Thursday, January 23, 2014

Settling into life in Sevilla and loving it!

Things just keep happening, guess to keep us from being bored. Had to use the bathroom late at night, turned on the light and the light bulb blew out of it’s socket, didn’t shatter luckily. No electricity in the flat though! Funny, our host is an Electrical Engineer. So in the morning I’m using my computer as a flashlight and can send email to Pepe, is there a breaker in the flat? No Coffee! Disaster! He replied it’s behind a picture, so unplugged the computers in case of a surge and flipped the switch. Power! And Coffee, double, Yeah!

Another nice day today, went to a large department store for a few more supplies. Just dragged out my lighter coat and will be glad I’ve carted it over England and through Paris.

Pepe comes over changes out light bulbs, brings more linen and then offers a tour of the neighbourhood. He also set us up with a cleaner for the flat expecting she’ll do about an hour a week. We did a large circle and ended back across the street from where we had been. Wonderful mosque turned into a church and painted a lovey red, more on this when we’ve re-visited and taken pictures. Pepe used to play in the courtyard there. He pointed out many useful places to shop.

Had some great tapas and a beer and talked about life in general and business in Sevilla. Won’t go into it, but we may be able to help Pepe and a friend set up a business here. Pepe also offered a tour of his father’s finca (farm) that produces olives and grapes, can’t wait to see that! So for an inconvenient start to the day it turned out just grand.

We are availing ourselves of Spain’s best food products (in our opinion) oranges, not from the city trees but in the markets. They are the best we’ve ever eaten I think. The olives which are also the tastiest we’ve ever eaten and Bruce of the jamon, ham that is hung from most bars for years and shaved when being prepared to eat. Food here is wonderful, different from Cornwall, of course, since I said the food there was great as well, just different specialties.  Wine is also wonderful, okay over used the word wonderful, from the Rioja grape for either white or red. Beer is crisp and clean tasting and many women drink it, I’ve seen in the tapas bars, more so than in Canada I think. It comes mostly in half pints so it stays cold, called Cruz Campo which means cross country.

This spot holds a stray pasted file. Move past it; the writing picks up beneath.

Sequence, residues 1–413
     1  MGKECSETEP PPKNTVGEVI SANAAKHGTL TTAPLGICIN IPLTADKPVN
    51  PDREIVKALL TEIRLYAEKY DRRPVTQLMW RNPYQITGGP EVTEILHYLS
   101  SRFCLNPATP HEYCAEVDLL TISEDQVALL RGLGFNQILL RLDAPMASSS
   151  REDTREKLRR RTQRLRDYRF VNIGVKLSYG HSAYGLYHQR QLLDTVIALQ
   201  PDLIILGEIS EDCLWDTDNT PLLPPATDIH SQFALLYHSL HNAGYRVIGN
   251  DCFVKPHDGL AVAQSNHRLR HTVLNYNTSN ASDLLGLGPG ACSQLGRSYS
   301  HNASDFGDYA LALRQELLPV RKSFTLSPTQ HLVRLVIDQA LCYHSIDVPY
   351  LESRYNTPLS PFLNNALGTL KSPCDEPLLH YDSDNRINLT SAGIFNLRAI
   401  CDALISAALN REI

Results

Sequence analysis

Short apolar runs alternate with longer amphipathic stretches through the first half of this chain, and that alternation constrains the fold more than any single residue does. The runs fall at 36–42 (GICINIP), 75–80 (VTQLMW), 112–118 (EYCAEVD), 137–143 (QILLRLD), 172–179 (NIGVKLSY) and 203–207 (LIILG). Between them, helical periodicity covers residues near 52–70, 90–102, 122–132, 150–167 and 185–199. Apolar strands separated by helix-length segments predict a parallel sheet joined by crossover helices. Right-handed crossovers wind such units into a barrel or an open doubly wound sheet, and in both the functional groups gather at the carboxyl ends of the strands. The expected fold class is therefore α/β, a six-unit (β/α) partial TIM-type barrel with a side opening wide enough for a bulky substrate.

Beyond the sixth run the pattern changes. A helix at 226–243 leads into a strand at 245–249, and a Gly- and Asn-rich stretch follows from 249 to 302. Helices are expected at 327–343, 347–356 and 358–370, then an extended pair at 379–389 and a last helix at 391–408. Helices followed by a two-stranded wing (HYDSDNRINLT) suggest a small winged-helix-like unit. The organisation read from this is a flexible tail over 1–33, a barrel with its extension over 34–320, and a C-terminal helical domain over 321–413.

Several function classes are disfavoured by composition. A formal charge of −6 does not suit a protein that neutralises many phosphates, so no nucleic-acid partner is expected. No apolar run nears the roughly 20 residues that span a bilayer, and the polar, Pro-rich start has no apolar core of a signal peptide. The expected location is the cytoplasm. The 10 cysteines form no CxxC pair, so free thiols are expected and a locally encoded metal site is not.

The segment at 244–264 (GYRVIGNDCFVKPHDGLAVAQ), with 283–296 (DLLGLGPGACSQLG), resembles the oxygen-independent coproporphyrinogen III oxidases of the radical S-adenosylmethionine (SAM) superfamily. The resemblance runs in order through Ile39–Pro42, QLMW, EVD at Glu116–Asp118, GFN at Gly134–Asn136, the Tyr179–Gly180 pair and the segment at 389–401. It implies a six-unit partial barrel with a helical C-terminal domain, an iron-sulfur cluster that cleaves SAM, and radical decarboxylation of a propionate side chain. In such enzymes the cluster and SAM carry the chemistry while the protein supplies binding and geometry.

Orange tree and lovely building

Bruce’s Spanish is coming back in droves and I’m starting to quit saying thank you in German and French so still hoping what I had learned in previous trips to Spain will return. We arrived Sunday so guess I shouldn’t expect a very rapid conversion in only a few days.

Up close, Mmmm, marmalade!

Still recovering somewhat and laundry to do yet, but getting there. Pepe’s tour helped us orient some more and I now have a website to go to for local bus information.

We are loving being here, it is warm and sunny, perfect since Bruce can’t take the heat that is summer here, even the locals vacate. Sevilla needs to market itself as a tourist destination in the winter. It’s mid-January for heaven sakes and to be comfortable sitting outside is just great!

More shopping and stopped for a tapa. Tapas work out very well for our meager appetites.  They are tasty, small, large variety and usually about 2.30 Euro, read cheap. If you are not full after the first you simply order another. Groups order many for everyone to try different dishes. Kind of the same idea as Dim Sum, don’t know which came first.

Emailed a friend of Pepe who teaches English here, really more to use his services as a guide rather than a Spanish teacher although I’m sure we’ll learn some as well. We have a meeting set with him for the end of this week once we finish settling in.